During the Middle Ages, rubies were thought to insure victory in all conflicts, including lawsuits and war. Other properties attributed to rubies included protection from lightning, tempests, worms, sadness, and jealousy. Rubies signaled peril by turning black, and regained their original color once danger had passed. Sorcerers and magicians used ruby amulets for protection, without which they ran the risk of being attacked by evil spirits.
It is believed through legend that the Chinese Emperor Kublai Khan, who ruled the Mongol Empire from 1260-1294, offered an entire city in exchange for a sizeable ruby of exceptional quality. And Marco Polo, famed explorer who often had interactions with Kublai Khan, observed the ruby mining in Ceylon during his travels, often describing how the mines looked and the methods for mining in his writings.
French explorer Jean-Baptiste Tavernier was quite familiar with rubies being the leading gem merchant of the 17th century. He made a total of six voyages to India in his lifetime, each visit lasting at least three years in duration. Writing on his observations during this period, Tavernier has detailed remarks about the trade in precious stones as existed at court, with rubies being the most prized, extravagant, and lengthiest to bargain for, with some negotiations often stretching on for months.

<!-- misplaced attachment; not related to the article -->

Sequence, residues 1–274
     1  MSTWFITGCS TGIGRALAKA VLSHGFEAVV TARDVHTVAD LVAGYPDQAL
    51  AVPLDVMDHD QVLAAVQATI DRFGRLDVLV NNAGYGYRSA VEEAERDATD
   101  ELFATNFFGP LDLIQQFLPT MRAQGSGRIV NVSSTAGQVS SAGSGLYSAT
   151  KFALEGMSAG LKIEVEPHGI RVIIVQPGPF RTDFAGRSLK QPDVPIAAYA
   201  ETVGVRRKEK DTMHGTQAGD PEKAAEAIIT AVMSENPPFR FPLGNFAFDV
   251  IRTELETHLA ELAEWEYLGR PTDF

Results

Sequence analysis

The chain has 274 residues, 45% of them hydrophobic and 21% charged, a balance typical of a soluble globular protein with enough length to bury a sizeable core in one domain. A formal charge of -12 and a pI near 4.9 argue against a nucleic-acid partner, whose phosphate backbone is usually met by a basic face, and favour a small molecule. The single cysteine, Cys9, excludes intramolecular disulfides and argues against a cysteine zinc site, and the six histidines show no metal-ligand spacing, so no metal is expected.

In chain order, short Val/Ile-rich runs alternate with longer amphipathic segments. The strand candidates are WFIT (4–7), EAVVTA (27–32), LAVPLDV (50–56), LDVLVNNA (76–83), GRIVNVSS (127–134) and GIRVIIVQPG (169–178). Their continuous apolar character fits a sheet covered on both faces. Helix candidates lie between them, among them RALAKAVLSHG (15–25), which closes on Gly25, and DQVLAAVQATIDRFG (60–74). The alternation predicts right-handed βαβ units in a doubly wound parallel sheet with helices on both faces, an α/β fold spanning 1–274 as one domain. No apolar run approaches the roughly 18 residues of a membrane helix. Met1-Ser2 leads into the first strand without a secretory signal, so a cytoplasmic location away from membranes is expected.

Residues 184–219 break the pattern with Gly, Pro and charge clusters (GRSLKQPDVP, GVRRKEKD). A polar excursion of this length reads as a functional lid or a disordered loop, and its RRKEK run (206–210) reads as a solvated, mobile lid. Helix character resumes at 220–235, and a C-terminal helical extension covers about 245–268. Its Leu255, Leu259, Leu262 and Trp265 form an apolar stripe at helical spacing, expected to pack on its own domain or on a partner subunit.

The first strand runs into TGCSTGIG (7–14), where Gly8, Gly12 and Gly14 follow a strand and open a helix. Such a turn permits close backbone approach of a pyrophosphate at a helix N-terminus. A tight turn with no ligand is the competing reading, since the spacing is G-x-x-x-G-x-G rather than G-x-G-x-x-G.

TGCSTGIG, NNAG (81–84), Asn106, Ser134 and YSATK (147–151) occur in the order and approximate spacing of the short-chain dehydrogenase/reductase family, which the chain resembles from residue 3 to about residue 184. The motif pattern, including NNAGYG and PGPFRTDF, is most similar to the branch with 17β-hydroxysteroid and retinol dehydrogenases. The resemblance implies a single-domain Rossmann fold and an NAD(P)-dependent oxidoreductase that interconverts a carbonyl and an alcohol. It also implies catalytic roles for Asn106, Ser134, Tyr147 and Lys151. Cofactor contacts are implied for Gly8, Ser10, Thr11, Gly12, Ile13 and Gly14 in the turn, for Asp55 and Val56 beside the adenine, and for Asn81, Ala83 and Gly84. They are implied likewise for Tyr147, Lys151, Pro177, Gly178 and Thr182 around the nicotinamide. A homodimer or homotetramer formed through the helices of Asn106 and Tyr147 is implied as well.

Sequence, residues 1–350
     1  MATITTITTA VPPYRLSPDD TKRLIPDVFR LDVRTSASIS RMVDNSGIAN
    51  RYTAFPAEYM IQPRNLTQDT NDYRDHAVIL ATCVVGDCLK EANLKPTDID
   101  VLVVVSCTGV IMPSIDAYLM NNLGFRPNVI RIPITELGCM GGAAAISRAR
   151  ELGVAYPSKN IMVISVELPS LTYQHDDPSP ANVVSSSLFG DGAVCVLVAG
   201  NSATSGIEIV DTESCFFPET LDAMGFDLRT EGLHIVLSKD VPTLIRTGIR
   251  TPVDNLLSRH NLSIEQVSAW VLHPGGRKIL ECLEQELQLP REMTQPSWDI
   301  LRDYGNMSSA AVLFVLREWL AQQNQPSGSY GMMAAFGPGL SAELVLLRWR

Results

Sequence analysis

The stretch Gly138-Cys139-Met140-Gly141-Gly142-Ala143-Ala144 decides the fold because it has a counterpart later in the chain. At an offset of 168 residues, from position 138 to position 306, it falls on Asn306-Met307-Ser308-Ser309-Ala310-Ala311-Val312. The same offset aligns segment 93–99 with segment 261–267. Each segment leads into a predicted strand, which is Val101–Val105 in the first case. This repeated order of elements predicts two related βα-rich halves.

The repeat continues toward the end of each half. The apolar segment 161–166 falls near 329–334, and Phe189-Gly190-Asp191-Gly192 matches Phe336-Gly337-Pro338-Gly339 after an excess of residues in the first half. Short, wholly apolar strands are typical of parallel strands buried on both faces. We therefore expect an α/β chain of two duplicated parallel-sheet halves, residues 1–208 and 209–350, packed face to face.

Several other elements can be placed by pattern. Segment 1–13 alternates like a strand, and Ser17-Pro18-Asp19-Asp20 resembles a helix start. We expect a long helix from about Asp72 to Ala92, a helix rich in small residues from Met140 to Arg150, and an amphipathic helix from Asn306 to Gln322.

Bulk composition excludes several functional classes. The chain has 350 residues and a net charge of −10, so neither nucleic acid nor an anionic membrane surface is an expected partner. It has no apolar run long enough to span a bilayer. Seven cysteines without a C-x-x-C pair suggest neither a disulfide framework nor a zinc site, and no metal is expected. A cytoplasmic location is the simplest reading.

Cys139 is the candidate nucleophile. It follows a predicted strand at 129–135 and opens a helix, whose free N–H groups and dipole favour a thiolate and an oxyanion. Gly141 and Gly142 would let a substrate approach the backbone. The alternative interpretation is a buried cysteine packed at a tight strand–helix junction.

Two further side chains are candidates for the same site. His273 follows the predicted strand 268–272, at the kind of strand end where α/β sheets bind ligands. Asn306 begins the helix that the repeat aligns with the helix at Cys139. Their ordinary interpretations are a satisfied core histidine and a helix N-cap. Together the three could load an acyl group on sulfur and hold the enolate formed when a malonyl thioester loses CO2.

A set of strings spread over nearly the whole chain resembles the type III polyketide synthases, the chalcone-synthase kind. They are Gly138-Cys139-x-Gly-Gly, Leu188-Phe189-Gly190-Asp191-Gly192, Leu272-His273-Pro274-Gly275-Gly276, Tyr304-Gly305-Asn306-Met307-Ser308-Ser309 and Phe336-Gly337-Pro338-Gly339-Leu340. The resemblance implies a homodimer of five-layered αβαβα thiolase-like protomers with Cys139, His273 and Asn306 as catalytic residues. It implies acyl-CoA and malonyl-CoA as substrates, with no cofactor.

Tavernier was often searching for rubies to present for purchase to his royal client, King Louis XIV, for which the king would pay directly in gold. European royalty of the Middle Ages coveted the fiery gemstone and paid extremely well for exceptional stones.
Tavernier wrote of caves in Burma where the finest rubies were found, describing one specific mine as having “produced a ruby as large as a walnut” and often alongside the bones of large animals of a prehistoric nature.
During this time, interest in rubies grew heavily throughout Europe as trade routes established with the east presented the opportunity to bring back stones with every voyage. However, the nature of rubies at this time was also such that they were often confused with garnet, spinel, and other red semi-precious stones. So it is not uncommon for some fairly famous rubies to have been discovered to not be rubies at all. One of the most famous examples of this phenomenon is the Black Prince’s Ruby, set in the Imperial State Crown of Britain.
Rubies at court during the Renaissance were highly prevalent and often present in some of the most famous pieces of jewelry from the era. Famously, King Henry VIII wears a substantial necklace set with rubies and pearls in his most well-known portrait of the era.
The appeal of rubies was only growing stronger, and with the greater movement of goods along trade routes, the history of the ruby exploded on the scene even more in the coming years. We explore that next in Rubies in Modern History.